Communication Exercise enables Partners to Work Together

Communication Exercise enables Partners to Work Together

Players from multiple levels of government participate in ADEM's Statewide Communication Exercise

When an emergency strikes, be it a natural disaster or a human-caused, responders need to be able to communicate.  And yet as simple as it sounds, communication is area in emergency management where there’s always room for improvement.


Last month, the Arizona Division of Emergency Management (ADEM) brought together over 100 communication experts representing more than 45 agencies and businesses to test and evaluate their communication capabilities in a full-scale exercise.


A full-scale exercise is a simulation of a real event, during which all the personnel and equipment that would be called up in an actual emergency exercise their response plans.  Full-scale exercises often involve multiple agencies, the activation of emergency operations centers, and getting field experience.


The goal of this communication exercise was to test and establish interoperability (the ability to communicate across different platforms) between local, county, and state, federal, tribal, private sector, non-governmental organizations and National Guard units.


Nichole Fortson, DEMA’s Exercise Officer, was the lead planner for the exercise. She explained that full-scale exercises are as much about getting things right as they are about finding ways to improve. “We hope to test and evaluate exercise participants’ capability to connect and communicate through common information systems,” she said. “We also want to be able to identify potential gaps between the various disciplines.”


In the State Emergency Operations Center (SEOC), people from a variety of agencies were talking on the phone, typing on the computer and discussing plans. Morgan Hoaglin, ADEM’s Communications Coordinator, coordinated the exercise. Right after 9 a.m., he picked up his handheld radio, pressed the talk button, and got things started, “Attention all controllers…”


Hoaglin was busy throughout the day, relaying information to the players in the form of scenario injects meant to keep the exercise moving. He was happy to see every agency exercise radio, phone and data systems in a challenging environment.


“We communicated from the National Guard Blackhawk in flight on a VHF frequency to simulate communications to a local hospital,” Hoaglin said. “We are working on a communications path from the Blackhawks on MedEvac missions to the hospitals and this was a great first step.”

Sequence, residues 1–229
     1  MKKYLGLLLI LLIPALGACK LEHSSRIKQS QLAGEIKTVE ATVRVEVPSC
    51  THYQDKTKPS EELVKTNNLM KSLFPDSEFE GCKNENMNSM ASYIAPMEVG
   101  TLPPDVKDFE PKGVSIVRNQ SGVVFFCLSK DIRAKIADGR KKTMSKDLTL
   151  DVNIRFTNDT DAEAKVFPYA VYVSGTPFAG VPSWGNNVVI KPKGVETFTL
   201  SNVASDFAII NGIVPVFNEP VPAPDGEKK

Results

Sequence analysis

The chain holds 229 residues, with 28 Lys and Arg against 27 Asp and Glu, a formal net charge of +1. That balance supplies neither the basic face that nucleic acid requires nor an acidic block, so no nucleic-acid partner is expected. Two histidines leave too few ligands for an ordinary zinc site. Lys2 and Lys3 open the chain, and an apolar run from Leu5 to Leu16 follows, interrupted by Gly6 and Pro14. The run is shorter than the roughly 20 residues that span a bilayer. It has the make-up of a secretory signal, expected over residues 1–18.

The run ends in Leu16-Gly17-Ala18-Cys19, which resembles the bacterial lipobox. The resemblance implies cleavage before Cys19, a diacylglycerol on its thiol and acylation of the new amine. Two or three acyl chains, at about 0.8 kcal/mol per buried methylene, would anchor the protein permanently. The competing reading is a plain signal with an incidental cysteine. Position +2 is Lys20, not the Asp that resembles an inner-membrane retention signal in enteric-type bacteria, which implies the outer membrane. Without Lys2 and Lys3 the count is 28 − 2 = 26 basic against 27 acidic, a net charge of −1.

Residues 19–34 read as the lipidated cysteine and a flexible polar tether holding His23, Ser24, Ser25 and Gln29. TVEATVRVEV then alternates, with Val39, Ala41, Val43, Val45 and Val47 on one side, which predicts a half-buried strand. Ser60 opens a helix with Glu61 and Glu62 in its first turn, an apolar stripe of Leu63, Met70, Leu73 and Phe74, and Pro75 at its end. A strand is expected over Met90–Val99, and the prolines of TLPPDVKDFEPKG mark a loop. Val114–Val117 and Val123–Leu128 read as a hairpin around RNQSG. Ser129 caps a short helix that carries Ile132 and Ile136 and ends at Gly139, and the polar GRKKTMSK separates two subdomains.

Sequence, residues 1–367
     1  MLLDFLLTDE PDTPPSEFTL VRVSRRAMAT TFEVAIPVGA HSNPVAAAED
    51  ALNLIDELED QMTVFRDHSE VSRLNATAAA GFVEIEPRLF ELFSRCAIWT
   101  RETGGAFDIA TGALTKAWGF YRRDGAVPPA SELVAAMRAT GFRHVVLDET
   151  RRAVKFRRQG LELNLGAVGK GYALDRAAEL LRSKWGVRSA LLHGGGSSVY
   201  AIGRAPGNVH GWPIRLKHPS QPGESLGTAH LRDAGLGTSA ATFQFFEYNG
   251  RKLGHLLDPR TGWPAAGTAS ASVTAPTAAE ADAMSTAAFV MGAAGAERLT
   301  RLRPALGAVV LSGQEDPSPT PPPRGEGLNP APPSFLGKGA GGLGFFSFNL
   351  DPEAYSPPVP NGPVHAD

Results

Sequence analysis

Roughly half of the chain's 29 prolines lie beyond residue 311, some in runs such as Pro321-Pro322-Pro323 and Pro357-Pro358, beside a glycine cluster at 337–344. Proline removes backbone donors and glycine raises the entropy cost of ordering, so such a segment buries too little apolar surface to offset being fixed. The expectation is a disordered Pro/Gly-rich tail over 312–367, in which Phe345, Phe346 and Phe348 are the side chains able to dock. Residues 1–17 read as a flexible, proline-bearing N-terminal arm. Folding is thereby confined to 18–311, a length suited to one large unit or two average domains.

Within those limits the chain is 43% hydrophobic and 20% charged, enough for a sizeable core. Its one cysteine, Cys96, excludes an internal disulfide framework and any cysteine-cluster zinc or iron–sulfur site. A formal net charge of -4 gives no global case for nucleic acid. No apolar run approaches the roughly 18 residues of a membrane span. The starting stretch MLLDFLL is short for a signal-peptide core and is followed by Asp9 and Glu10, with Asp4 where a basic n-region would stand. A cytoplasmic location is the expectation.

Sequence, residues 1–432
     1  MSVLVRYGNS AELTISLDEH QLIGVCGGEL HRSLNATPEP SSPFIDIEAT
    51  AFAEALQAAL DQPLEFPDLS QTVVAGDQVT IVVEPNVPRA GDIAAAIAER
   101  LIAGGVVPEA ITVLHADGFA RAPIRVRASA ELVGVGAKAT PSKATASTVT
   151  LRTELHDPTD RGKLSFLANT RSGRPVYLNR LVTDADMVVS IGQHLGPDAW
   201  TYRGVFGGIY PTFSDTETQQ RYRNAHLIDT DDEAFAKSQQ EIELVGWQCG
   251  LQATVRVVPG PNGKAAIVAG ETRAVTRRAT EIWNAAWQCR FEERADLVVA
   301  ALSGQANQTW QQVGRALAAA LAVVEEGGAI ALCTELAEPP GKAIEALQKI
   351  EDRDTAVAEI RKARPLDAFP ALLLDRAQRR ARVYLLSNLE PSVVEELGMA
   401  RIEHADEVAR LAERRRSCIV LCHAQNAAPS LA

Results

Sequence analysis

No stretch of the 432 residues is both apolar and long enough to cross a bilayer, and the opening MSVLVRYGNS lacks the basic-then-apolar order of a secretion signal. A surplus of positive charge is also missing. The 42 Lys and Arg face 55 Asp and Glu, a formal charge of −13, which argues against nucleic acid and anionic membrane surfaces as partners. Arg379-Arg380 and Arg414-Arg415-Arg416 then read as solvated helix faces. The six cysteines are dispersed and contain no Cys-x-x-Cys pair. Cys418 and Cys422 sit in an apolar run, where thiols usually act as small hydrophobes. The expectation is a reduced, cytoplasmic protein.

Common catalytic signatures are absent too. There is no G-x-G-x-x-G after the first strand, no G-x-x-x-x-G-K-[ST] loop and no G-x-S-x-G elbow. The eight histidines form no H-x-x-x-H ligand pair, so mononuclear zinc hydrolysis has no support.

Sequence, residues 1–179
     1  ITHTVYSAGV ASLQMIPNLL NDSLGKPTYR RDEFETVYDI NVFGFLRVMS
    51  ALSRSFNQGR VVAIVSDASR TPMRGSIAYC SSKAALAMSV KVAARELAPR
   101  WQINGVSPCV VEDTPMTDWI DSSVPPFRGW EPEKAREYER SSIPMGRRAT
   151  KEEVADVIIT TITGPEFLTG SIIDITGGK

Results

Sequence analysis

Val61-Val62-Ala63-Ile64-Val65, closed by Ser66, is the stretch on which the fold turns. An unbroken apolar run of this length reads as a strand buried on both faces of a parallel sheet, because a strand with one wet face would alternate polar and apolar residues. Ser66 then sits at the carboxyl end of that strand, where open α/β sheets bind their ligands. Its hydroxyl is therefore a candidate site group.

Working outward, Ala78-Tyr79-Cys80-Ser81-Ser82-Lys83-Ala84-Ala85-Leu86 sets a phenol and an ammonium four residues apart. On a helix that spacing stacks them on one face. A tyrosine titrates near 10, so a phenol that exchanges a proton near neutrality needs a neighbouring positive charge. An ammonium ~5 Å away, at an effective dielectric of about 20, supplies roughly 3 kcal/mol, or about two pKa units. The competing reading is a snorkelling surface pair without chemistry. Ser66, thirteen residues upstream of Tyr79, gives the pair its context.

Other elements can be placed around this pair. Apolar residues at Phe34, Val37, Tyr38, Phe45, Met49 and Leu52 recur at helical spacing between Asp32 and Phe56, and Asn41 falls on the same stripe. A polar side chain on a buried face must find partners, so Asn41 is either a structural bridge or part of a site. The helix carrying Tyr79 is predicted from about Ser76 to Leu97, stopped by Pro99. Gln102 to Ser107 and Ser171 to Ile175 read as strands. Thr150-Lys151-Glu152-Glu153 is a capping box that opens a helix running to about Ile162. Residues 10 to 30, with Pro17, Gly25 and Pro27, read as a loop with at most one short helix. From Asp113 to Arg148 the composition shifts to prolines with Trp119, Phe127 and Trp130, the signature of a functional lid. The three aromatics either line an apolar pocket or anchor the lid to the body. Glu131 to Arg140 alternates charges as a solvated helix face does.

While agencies were free to participate in the exercise online or remotely via radio, Jeff Lineberry, Deputy IT Director in Navajo County, drove one of Arizona’s mobile communications center vehicles all the way down to Phoenix just for the exercise.


Even though the exercise is about the communication devices and programs everyone uses during an event, Lineberry finds it just as important to put faces to names. “It helps to know one another before an incident and do these exercises together,” he said. “You know ‘Joe’ will be there to jump in and lend a hand when you need one.”


Full-scale exercises are also an ideal place to work out any kinks that may come up. “Often equipment is stowed away and its general condition is not known,” Hoaglin said.  “Exercises help simulate communications needs in various environments.” 


Richard Hinckley, Special Agent with Homeland Security Investigations, and his team attended the exercise to ensure interoperability between local, state and federal agencies. “Our radio systems are not programmed to communicate with most state, county, and local agencies,” he said. “This exercise gives us the capability to use other equipment in order to bridge that communication gap.”


Hinckley said that his team was able to fully communicate with the other agencies as a result of being at the exercise and working their equipment.


Arizona’s Army National Guard also participated in the exercise. The Army’s A4 22 Tactical Communications team worked to ensure they were able to communicate with other agencies and to be able to source each other’s assets to take care of what may happen.


“We want to be able to communicate when an event happens, to be able to receive or provide resources right away,” Commander Black of the A4 22 team said.  “We are responsible for being able to communicate with the National Guard Military Police and Infantry division when they are out in the field.”


Matt Heckard, ADEM Radiological Emergency Preparedness Planner worked as an exercise controller in the SEOC. His role was to evaluate the testing and validation of existing communications plans, and identify capability gaps and potential areas for improvement.


“It’s valuable for each stakeholder to validate their individual abilities to communicate with each other during an exercise,” Heckard said. “It helps to form a sustainable and interoperable network that can respond quickly and efficiently, creating a common operational picture that supports effectively addressing any needs that may emerge from the whole community.”


Full-scale exercises allow agencies and individuals to put what they learn in the classroom and during tabletop exercises into practice in a risk-free environment, helping them prepare for potential real-life disasters.